Three Plots of Prose
On the morning of fourth term’s first day, I had English prose class. There was no new material we catch at that day, it only made a contract agreement and had a privileged brainstorming session. My lecturer passed a plenty of questions on to the students throughout the learning process. One of them was about the prose’s significant element, plot, as the plain account of what happens in a story. As the result, I recalled and grasped more at three kinds plot; closed, open, and no plot.
I know that closed plot is broadly defined as a plot which has the obvious end of story. Someone who reads a fiction story will not ask again about the ultimate story. The author provides the final satisfaction after reading the story to the readers and makes their anger disappear. Its example is J. R. Tolkien’s Lord of the Rings, this story has a clear ending. No one of my classmates who is in favor of this statement, the lecturer is so.
A friend of mine has answered a question about the open plot. What she said has reminded me of the closed plot description, that properly understood, is a plot which has unclear end of the narrative. So, when I read a narrative using this kind of plot, I should feel a lot of anger towards the narrative’s ending. In addition, my lecturer explained us, a narrative that has open plot is not clear enough, it is the hang-up narrative.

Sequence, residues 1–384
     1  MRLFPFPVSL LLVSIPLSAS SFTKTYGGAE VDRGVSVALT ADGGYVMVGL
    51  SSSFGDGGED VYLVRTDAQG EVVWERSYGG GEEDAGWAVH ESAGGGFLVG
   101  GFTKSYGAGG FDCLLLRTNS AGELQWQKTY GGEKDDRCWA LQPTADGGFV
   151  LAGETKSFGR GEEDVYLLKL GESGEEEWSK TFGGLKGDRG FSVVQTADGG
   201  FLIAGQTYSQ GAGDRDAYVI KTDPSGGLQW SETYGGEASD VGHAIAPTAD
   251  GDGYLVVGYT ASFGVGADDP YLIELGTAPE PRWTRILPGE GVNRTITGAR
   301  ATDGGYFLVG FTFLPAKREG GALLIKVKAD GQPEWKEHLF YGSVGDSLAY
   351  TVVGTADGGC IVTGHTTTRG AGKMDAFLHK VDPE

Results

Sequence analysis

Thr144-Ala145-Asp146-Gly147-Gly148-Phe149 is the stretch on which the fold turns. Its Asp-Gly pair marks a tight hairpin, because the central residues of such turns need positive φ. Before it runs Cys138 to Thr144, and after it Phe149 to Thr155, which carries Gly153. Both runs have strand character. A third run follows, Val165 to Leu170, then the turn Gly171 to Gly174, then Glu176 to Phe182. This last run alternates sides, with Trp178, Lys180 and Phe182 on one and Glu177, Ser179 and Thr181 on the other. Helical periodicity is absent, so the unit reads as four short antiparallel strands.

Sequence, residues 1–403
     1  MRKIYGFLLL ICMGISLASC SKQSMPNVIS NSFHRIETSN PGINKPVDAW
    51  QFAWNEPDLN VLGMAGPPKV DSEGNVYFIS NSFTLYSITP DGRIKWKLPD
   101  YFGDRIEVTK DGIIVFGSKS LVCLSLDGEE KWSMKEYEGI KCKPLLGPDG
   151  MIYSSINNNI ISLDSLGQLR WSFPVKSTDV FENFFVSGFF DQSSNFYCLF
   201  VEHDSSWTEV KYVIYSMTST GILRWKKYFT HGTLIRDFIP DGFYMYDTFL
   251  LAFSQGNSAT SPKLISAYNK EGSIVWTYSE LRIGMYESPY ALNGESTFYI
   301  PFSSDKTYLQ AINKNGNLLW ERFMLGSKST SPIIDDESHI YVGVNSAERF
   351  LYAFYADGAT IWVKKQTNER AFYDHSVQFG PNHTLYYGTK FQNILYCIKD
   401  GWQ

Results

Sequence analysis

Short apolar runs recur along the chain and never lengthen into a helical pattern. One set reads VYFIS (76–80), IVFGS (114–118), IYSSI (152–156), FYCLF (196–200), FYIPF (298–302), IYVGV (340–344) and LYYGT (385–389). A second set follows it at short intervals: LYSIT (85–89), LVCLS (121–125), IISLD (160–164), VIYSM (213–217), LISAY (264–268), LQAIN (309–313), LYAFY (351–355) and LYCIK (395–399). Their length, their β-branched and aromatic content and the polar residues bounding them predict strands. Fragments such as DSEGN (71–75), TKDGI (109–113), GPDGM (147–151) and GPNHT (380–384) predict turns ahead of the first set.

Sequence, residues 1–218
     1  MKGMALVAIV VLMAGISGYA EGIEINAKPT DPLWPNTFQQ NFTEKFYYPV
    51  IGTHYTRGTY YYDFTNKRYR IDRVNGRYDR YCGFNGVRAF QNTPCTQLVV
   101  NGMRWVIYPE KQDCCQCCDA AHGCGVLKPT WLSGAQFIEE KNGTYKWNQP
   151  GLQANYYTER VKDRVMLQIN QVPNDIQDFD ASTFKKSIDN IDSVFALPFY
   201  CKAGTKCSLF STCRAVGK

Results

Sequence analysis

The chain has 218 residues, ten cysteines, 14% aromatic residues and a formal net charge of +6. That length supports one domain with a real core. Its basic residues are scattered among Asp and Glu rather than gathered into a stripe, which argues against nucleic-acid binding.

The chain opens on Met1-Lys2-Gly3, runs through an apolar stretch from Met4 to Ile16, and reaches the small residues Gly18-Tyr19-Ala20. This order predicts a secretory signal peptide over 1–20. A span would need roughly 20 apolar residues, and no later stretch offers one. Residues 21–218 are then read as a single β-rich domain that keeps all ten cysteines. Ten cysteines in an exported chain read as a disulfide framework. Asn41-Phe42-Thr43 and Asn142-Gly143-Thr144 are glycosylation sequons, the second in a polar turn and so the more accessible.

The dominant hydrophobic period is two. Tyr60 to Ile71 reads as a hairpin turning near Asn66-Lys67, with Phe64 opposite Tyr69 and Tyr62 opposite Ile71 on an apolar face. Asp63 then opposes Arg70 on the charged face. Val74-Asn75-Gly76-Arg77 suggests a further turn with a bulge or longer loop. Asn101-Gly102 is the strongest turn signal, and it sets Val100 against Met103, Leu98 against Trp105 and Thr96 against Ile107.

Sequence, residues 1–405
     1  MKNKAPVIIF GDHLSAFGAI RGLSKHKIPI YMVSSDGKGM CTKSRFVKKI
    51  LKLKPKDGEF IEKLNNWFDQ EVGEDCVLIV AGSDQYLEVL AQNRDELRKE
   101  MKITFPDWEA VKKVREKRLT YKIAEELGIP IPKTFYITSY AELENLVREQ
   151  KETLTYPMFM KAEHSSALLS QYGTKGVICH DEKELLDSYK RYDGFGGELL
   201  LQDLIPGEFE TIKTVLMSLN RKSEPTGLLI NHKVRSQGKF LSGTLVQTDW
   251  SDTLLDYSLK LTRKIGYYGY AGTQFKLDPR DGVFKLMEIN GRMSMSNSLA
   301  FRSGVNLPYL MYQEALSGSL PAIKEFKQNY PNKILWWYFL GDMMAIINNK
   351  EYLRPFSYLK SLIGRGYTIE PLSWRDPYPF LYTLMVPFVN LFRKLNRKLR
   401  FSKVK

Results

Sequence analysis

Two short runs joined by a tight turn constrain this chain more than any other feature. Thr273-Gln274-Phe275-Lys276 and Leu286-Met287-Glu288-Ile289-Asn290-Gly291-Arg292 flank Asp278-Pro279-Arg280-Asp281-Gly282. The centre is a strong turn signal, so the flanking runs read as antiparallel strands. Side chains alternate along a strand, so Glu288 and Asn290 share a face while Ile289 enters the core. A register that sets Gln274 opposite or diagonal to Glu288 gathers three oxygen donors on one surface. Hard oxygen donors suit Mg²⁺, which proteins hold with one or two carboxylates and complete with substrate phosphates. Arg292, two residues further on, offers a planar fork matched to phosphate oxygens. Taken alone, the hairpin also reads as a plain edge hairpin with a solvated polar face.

No plot is another plot that slightly hard to understand. What I got just as far as each it is fiction which has no plot. Yet, when I must consulted the book to answer the lecturer’s question, finally, I know that no plot fiction is likely nothing seems happen, where the characters face an endless problem without cause and effect and where everything is unpredictable. Bockett’s Waiting for Godot (1955) is the example of no plot fiction. It was the last one we discussed in the sparkling English prose class.
Understanding plot as one of the important aspects of prose and all its parts is great activity, I liked it. The activity on last Monday was very profitable. It reminded every single student of the previous lessons and made our understanding deeper.